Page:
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MARCH 27, 2000 VOL. 155 NO. 12

Hong Kong's Palate Pleasers
By Daffyd Roderick

Hong Kong's Palate Pleasers
Lifted by dotcom fever, Hong Kong has come alive. One result: more cool eateries have opened in the past year than in the previous two combined

Lovers of good cuisine in Hong Kong can be thankful for Maria Lee

Hot Spot
If you're looking for a good old-fashioned barber, head for the Barbershop, in the heart of the brick-covered, beer-splattered streets of Lan Kwai Fong

Hot Tip
Visitors to Hong Kong in the coming months will be overwhelmed by the choice of things to do

Web Crawling
Hong Kong's guides to what's on

COVER: A Democratic Milestone
In a dramatic transition of power away from KMT rule, Chen Shui-bian wins election to the island's highest office. The big question now: Will Beijing take his victory in stride?
Biography: The new President has a winning smile and the determination of a tiger
Chen Interview: "This moment is truly historical"
Viewpoint: Antonio Chiang assesses Lee Teng-hui
Line of Fire: Sin-ming Shaw on Taiwan's Chineseness

INDIA: Home Away from Home
Bill Clinton is traveling to South Asia at a time when its diaspora is rising to the top of the American melting pot, making hit movies in Hollywood and Internet millions in Silicon Valley--and smashing stereotypes along the way
Viewpoint: Indian-Americans reach for their roots
Meanwhile: Faces of the New India

CINEMA: A gender-bending Thai film is a smash hit

Hong Kong's Palate Pleasers

The Year of the Ox, 1997, stuck a horn in Hong Kong's spokes. The Asian financial contagion laid low the city's once-mighty financial industry, while the bird flu scared off tourists. Restaurants closed, property agents went bust and many thought the former colony had lost its mojo.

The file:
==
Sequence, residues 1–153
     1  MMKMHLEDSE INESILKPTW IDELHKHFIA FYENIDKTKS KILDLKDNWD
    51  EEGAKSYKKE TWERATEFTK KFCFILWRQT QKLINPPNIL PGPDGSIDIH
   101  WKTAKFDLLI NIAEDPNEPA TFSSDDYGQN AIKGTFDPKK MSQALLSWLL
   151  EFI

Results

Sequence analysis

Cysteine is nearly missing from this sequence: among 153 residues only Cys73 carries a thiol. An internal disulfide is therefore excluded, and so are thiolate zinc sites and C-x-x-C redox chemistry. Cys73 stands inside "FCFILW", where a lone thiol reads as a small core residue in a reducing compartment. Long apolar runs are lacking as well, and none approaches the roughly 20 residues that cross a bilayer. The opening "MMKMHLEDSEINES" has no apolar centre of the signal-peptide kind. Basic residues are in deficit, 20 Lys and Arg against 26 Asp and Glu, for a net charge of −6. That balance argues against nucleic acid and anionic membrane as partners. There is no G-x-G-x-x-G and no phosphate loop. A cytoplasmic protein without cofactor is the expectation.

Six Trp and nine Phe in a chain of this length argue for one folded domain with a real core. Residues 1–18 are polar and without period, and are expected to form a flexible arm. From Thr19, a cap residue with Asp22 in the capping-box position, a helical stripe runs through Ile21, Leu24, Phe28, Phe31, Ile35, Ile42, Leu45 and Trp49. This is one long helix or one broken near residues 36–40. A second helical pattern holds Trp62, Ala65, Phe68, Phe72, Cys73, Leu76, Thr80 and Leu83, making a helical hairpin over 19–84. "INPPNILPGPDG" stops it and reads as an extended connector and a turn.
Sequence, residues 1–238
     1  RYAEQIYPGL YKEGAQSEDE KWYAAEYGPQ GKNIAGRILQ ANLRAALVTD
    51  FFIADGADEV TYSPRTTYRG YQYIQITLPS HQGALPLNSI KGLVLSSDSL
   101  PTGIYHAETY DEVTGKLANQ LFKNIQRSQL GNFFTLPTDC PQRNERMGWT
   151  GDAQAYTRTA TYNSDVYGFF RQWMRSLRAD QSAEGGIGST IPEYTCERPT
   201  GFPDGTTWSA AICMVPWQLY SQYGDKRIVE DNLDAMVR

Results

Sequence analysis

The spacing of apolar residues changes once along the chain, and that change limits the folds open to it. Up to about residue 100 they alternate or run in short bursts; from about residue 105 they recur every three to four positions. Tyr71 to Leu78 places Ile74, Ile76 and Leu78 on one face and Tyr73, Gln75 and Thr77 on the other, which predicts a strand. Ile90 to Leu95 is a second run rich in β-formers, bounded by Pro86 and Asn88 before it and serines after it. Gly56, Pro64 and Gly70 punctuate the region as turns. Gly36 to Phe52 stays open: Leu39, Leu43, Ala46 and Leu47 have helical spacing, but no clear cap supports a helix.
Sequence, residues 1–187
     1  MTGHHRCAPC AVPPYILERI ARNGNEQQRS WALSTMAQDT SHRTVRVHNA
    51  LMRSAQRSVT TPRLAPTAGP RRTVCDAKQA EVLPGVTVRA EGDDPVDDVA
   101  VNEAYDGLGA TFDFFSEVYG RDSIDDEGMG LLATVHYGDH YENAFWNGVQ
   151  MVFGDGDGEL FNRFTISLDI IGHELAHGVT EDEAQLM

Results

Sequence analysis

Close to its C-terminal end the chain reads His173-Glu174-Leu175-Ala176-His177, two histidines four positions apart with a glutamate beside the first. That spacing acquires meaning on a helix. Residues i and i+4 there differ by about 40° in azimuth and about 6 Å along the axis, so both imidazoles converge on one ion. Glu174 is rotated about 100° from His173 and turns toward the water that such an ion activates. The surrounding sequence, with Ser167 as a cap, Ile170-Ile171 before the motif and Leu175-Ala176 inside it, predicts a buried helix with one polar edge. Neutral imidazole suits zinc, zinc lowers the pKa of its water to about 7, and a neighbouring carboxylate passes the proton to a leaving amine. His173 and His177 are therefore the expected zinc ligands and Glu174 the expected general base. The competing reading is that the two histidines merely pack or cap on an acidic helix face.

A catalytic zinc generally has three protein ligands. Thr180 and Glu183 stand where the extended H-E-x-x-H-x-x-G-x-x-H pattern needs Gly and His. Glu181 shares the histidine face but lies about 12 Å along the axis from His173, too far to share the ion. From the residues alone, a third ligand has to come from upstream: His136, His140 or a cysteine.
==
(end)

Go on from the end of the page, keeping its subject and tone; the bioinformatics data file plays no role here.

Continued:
Illustration for TIME by Wu Wing Yee

Enter the Year of the Dragon. Lifted by dotcom fever, Hong Kong has come alive. One result: more cool eateries have opened in the past year than in the previous two combined. The tough times had a positive side effect: the birth of restaurants that offer value for money and--a real shocker in Hong Kong--good service. Fat Angelo's (2973-6808) started the trend with its Jaffe Road eatery, which serves up generous-sized pasta feasts. The atmosphere is zesty: dark wood, vintage Italian posters and red-and-white checked table cloths. Dinner for two with wine is less than $40, and the meals are an even better bargain if you share with a group. Fat Angelo's recently opened another popular outlet on Elgin Street.

A short ride down the escalator that connects the Central business district to the residential Mid-Levels is Pepperoni's Pizza and Café (2869-1766). The new branch of a longtime Hong Kong favorite attracts a line most nights, serving up gourmet pizzas such as the New Orleans topped with Cajun chicken, spinach, potatoes and sour cream. Another affordable favorite is Thai Basil (2537-4682), which manages to exude cool even from the basement of the Pacific Place mall. Dishes are nouvelle Southeast Asian, with an emphasis on fresh ingredients and spices. Highlights include Vietnamese rice paper rolls and a delicious smoky eggplant with chili.